Minimalist running shoe company doubles space; launches crowdfunding campaign

xero

Xero makes minimalistic running shoes, and plans to launch new products following a crowdfunding campaign. (Xero)

Four years after saying “no thanks” to Shark Tank investors on national TV, a barefoot sprinter and his running sandal are bolting toward more products, a larger office and $3 million in fresh investment.

Since turning down a deal from “The Sharks” in 2013, Steven Sashen, CEO of Broomfield-based Xero Shoes, has pushed his company’s revenue from $772,000 in 2014 to $2.74 million in 2016.

Now Sashen thinks it’s time to find alternative forms of investment, by launching a crowdfunding campaign to raise $3 million and offering shares of the company at $4 per share. So far, the campaign has raised $365,000, he said.   

“The idea was that our investors could be our customers,” said Sashen, who started the company with his wife, Lena Phoenix. “We needed bigger movement …. Our customers got us here, and now we want to make it available to everyone.”

Xero also leased more space in Broomfield, jumping from 3,000 to 7,000 square feet at 100 Technology Drive, Unit 315, in January. Xero employs 12 people, and Sashen said he’s looking to hire more.

Sashen founded Xero in 2009 as a minimalist shoe company on the hunch that barefoot running prevents injury and improves performance. The company is launching four shoe products this year, including boots and a casual shoe. Sashen said his products focus on natural movement: shoes with thin but tough soles that still allow runners to feel what’s happening below their feet.

xero founders

Co-founders Steven Sashen and Lena Phoenix. (Xero)

“We’re making footwear that lets your feet move naturally,” Sashen said.

For Sashen, who moved to Colorado 24 years ago after growing up in Washington, D.C., the idea to start Xero was both personal and strategic. The 54-year-old started sprinting competitively 10 years ago after a 30-year hiatus, but he kept getting injured. His friend suggested he try running barefoot, and soon Sashen discovered that he could self-correct the form issues that were causing his injuries.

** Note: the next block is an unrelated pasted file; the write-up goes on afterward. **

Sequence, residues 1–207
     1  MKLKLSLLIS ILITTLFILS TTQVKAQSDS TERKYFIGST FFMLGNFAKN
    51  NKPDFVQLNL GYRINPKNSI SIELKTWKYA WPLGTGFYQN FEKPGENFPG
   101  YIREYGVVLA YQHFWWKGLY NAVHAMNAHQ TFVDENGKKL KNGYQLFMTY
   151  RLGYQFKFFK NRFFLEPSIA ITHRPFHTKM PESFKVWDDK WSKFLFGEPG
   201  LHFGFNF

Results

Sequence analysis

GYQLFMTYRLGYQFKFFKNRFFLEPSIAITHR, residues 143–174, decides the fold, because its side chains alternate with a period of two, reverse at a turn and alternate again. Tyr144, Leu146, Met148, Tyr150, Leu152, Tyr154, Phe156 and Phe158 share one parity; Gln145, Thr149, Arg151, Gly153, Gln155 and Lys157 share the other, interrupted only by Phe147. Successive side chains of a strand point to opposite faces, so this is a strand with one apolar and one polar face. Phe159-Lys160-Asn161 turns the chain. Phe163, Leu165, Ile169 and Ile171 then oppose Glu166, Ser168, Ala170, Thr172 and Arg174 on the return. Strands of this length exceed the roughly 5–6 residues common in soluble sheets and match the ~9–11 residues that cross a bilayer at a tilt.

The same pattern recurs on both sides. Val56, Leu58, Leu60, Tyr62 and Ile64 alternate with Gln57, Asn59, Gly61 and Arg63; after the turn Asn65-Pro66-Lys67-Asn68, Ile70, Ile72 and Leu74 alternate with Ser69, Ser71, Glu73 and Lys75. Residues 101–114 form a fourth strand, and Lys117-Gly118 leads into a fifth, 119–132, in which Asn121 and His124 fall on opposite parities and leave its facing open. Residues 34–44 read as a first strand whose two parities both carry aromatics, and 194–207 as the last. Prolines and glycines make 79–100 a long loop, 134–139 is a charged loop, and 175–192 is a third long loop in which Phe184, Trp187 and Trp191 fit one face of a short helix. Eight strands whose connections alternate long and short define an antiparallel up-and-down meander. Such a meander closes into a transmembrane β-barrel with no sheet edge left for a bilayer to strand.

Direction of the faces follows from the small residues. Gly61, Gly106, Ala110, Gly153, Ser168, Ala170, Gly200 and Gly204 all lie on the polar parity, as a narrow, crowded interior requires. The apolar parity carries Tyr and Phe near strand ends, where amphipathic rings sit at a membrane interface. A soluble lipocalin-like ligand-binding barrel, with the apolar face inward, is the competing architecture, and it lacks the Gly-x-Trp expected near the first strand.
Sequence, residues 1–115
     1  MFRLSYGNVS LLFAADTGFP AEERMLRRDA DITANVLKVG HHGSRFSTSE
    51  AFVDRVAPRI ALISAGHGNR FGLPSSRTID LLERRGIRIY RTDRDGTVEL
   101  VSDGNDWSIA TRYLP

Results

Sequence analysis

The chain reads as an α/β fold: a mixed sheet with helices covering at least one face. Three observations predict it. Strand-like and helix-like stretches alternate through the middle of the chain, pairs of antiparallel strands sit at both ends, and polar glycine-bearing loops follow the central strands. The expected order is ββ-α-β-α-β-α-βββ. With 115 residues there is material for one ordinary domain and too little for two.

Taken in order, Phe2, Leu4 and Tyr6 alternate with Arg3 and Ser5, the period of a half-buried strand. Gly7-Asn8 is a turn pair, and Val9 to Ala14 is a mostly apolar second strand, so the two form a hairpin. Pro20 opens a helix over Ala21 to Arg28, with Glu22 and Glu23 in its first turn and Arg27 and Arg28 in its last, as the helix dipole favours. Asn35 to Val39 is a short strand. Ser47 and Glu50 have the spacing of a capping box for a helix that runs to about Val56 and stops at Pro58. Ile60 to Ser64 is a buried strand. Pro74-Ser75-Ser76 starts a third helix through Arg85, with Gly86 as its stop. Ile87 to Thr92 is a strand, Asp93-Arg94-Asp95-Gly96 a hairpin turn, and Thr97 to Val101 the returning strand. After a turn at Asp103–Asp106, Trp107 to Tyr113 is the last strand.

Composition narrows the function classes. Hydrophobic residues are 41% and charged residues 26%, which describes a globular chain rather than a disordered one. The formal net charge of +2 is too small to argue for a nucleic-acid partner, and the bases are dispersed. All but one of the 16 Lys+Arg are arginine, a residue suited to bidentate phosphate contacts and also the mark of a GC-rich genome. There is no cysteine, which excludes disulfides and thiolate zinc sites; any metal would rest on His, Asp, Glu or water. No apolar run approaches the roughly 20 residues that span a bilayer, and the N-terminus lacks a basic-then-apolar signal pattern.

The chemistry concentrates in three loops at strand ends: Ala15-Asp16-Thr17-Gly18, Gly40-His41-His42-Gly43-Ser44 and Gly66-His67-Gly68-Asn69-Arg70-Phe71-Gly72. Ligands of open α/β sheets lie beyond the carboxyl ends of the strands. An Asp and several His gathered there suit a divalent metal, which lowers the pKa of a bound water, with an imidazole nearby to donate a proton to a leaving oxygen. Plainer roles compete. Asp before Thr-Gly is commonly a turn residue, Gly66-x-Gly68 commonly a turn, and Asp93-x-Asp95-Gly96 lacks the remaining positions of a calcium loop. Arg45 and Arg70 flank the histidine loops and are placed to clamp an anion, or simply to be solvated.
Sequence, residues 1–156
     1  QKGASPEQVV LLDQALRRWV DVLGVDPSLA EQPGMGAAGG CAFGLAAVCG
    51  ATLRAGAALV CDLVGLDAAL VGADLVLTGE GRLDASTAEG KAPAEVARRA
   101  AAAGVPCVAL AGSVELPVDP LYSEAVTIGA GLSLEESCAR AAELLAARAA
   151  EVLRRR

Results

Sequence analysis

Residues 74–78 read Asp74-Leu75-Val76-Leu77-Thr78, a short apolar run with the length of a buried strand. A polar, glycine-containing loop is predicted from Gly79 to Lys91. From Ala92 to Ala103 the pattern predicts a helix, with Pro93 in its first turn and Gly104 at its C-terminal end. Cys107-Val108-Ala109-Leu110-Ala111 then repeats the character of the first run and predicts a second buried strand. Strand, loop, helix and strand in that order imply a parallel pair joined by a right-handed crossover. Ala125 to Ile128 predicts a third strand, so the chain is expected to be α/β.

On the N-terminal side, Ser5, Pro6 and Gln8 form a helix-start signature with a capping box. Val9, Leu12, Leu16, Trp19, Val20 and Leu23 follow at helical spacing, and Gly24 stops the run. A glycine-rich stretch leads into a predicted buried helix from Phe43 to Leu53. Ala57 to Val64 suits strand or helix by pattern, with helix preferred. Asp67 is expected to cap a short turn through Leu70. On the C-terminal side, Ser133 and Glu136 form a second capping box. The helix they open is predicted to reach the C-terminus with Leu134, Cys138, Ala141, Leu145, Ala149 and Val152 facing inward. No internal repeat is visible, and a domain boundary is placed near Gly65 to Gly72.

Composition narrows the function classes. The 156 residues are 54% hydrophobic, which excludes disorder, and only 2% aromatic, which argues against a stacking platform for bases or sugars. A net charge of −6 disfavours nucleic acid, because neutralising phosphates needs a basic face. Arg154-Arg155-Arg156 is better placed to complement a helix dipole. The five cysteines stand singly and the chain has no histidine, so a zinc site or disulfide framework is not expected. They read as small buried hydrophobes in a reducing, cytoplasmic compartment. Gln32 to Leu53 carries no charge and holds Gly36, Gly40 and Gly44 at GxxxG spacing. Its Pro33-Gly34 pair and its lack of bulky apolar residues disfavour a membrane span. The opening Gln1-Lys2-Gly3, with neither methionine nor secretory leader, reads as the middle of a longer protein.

“Taking off my shoes, I wanted to have that feeling as much as I could, as often as I could,” Sashen said.

He started developing the company in 2009, the same year Christopher McDougall published his book “Born to Run,” which helped change the way people thought about barefoot running. The book features a tribe in Mexico, the Tarahumara, who make their own running sandals with leather and rope.

Sashen wanted to help people make their own running sandals similar to what the Tarahumara wear, so he started Xero Shoes in 2009 as a sandal-making kit, before making his first sandal in 2013.

“If you look at sandal design over history, it’s not complicated,” Sashen said. “But to make something commercial, it’s challenging.”

xero

Xero makes minimalistic running shoes, and plans to launch new products following a crowdfunding campaign. (Xero)

Four years after saying "no thanks" to Shark Tank investors on national TV, a barefoot sprinter and his running sandal are bolting toward more products, a larger office and $3 million in fresh investment.

You must be a member to access BusinessDen's exclusive reporting.

Your subscription has expired. Renew now by choosing a subscription below!

For more information, head over to your profile.

Profile


SUBSCRIBE NOW

TERMS OF SERVICE:

ALL MEMBERSHIPS RENEW AUTOMATICALLY. YOU WILL BE CHARGED FOR A 1 YEAR MEMBERSHIP RENEWAL AT THE RATE IN EFFECT AT THAT TIME UNLESS YOU CANCEL YOUR MEMBERSHIP BY LOGGING IN OR BY CONTACTING AARON@BUSINESSDEN.COM.

ALL CHARGES FOR MONTHLY OR ANNUAL MEMBERSHIPS ARE NONREFUNDABLE.

EACH MEMBERSHIP WILL ONLY FUNCTION ON UP TO 3 MACHINES. ACCOUNTS ABUSING THAT LIMIT WILL BE DISCONTINUED.




Return to Homepage

16719

Leave a Reply

Your email address will not be published.